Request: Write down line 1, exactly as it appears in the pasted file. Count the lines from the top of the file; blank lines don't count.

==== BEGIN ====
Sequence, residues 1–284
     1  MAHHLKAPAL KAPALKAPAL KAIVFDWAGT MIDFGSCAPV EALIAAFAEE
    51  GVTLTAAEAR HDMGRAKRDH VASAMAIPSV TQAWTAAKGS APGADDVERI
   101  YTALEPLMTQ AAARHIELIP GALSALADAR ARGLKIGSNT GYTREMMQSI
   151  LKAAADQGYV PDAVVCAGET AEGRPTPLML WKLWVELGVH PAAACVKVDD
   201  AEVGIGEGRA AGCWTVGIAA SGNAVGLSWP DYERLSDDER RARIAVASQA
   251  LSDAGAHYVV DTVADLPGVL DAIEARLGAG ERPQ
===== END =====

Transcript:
Sequence, residues 1–284